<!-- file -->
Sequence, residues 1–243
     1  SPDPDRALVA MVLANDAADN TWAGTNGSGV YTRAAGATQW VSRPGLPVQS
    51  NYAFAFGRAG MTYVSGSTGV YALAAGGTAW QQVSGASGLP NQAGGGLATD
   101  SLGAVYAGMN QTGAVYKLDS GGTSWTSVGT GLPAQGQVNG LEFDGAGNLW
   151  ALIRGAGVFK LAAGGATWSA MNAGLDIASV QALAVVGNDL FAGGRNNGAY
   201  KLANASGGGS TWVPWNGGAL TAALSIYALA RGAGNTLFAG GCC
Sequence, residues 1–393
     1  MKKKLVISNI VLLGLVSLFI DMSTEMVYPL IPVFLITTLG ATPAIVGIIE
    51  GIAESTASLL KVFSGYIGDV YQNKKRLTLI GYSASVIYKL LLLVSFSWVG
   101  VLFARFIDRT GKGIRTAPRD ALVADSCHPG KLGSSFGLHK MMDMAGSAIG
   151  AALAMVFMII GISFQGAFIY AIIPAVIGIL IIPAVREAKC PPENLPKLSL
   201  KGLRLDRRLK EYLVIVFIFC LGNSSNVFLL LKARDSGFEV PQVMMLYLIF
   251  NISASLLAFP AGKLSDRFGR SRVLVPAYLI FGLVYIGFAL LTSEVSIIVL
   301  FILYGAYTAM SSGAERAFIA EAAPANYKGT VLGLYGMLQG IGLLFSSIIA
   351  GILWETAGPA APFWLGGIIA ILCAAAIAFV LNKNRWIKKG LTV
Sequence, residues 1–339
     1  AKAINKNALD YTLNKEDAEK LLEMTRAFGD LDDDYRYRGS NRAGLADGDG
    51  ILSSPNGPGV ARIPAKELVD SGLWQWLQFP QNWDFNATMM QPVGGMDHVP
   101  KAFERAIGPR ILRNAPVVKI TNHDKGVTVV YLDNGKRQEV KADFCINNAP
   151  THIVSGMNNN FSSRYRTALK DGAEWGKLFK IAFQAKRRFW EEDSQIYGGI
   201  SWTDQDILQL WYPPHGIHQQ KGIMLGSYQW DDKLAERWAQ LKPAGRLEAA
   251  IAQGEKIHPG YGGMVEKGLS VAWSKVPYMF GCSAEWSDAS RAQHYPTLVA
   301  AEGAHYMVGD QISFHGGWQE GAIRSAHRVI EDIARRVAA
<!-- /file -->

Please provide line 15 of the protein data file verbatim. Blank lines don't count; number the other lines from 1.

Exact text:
   351  GILWETAGPA APFWLGGIIA ILCAAAIAFV LNKNRWIKKG LTV